More than half of Certified Public Accountant (CPA) financial planners say running out of money is a top retirement concern for their clients, a new survey by The American Institute of CPAs (AICPA) finds.
And while the survey takes note of annuities and Social Security as sources of stable income in retirement, no mention of reverse mortgages underscores a need for increased dialogue between the reverse mortgage and financial planning industries, says Certified Reverse Mortgage Professional Beth Paterson, executive vice president of Reverse Mortgages SIDAC.
Sixty-six percent of respondents said that up to 25% of their clients utilize annuities as an investment or income vehicle for longevity, according to the AICPA Personal Financial Planning (PFP) Trends Survey. Regarding Social Security, 63% of respondents said 50% or fewer of their clients had discussed benefit maximization strategies with them.
“Reverse mortgage professionals need to be approaching financial planners, CPAs and educating them about how a reverse mortgage can help people with their long-term planning,” Paterson says, adding that for many senior homeowners the financial tool assuages concerns of just what the survey points to: running out of money.
Seventy-nine percent of CPA financial planners ranked running out of money among the top three of clients’ concerns, with 57% identifying it as the No. 1 concern, according to the AICPA survey. Notably, many of the CPAs surveyed work with worth with high-net worth individuals, AICPA says.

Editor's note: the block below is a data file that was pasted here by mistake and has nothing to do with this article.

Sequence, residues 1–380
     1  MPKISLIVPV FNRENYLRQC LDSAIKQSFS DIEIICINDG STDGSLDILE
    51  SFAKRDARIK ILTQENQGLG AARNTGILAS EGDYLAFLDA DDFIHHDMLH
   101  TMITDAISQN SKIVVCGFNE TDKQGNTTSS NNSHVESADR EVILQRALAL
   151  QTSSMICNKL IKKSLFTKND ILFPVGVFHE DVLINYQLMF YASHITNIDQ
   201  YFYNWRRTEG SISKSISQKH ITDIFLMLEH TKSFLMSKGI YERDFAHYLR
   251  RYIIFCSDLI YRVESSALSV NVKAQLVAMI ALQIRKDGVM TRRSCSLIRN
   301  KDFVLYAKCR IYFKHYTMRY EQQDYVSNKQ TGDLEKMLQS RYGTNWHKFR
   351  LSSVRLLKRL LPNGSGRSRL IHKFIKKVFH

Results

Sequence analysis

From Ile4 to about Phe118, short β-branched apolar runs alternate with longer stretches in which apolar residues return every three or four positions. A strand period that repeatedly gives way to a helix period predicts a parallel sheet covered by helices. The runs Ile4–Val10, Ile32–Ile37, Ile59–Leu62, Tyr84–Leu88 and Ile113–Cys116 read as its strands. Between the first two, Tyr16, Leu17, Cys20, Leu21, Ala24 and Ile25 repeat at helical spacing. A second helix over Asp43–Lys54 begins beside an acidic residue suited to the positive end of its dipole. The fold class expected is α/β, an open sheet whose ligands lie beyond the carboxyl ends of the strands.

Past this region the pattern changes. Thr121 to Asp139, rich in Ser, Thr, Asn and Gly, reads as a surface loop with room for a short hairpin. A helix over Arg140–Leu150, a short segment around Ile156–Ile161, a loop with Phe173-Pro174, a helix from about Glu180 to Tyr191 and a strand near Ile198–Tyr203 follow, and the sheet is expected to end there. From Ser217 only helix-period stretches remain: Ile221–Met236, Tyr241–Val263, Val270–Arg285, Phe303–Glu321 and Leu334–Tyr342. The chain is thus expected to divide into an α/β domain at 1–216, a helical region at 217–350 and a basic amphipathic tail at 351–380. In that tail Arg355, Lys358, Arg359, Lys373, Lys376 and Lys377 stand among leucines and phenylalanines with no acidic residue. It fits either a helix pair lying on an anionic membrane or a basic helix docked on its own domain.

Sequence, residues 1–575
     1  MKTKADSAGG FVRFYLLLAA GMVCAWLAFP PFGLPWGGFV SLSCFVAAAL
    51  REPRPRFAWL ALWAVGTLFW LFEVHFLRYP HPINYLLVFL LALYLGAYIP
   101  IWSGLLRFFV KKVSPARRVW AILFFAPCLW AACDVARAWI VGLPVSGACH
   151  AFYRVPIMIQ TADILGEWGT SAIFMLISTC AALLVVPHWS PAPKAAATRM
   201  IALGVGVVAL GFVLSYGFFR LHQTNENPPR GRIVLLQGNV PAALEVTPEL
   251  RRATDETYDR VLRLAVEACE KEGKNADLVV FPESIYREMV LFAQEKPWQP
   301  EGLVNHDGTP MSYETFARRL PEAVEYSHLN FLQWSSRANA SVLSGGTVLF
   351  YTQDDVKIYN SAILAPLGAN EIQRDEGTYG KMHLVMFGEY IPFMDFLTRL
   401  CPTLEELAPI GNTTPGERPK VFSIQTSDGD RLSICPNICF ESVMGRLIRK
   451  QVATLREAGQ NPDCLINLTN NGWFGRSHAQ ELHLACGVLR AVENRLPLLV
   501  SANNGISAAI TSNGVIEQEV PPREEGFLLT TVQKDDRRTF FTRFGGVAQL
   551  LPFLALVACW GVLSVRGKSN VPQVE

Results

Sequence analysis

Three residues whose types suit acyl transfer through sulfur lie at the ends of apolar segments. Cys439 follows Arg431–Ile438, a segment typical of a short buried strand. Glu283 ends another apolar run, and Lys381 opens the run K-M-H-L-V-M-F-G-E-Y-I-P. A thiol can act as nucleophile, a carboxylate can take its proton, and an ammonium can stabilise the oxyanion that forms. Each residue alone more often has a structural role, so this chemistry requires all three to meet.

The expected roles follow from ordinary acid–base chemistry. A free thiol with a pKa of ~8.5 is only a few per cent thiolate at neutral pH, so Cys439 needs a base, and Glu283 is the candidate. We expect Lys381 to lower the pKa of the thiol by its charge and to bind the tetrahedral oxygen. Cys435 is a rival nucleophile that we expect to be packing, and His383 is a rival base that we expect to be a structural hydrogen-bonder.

The survey, which includes responses from 548 CPA financial planners, was fielded from Feb. 3 to Feb. 26.
“With all of the financial uncertainty surrounding retirement, running out of money is directly tied to a number of issues that high-net worth clients are juggling simultaneously,” says Lyle K. Benson, CPA/PFS, and chair of the AICPA’s PFP Executive Committee, in a statement, adding that CPA financial planners integrate tax planning strategies to maximize income in retirement.
Fueling clients’ financial and emotional stress about outliving their money are healthcare costs (76%), market fluctuations (62%) and lifestyle expenses (52%), CPA financial planners say. Additional causes for financial stress were unexpected costs (47%), the possibility of being a financial burden on their loved ones (24%) and the desire to leave inheritance for children (22%).
Reverse mortgages are one tool seniors can use to afford their health care costs, make home improvements, travel and more, Paterson says.
“We in the industry need to do a better job of educating financial planners and the public,” she says, noting that many financial planners and CPAs adhere to the stereotype of reverse mortgages as a “last resort.”
“What we in the industry can do to change that [negative perception] is reach out to financial planners, CPAs and educate them as to how reverse mortgages can be used for long-term planning,” she says.
Written by Cassandra Dowell